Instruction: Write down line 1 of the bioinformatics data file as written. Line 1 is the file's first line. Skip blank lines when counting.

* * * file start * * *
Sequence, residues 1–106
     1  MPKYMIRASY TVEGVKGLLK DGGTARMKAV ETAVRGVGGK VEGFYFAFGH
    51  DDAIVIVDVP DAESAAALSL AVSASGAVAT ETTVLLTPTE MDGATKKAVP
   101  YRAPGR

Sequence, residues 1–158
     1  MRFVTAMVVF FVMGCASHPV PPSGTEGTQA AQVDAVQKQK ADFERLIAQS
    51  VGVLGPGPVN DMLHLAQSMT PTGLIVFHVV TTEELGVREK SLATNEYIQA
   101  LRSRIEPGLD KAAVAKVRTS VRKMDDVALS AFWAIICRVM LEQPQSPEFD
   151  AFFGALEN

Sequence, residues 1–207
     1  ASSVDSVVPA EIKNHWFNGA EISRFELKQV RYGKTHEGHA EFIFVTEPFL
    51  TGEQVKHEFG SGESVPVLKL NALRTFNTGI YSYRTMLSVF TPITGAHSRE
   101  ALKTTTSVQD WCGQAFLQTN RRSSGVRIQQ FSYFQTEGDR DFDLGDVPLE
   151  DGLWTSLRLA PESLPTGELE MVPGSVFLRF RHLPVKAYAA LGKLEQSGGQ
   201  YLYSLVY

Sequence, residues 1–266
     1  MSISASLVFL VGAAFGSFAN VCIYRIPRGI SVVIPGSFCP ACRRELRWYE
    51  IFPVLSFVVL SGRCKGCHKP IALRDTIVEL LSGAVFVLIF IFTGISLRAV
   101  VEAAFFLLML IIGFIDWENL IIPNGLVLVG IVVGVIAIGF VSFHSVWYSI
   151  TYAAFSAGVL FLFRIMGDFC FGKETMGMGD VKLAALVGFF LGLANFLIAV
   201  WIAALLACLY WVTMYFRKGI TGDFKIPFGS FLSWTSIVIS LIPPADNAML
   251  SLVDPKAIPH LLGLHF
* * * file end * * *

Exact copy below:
Sequence, residues 1–106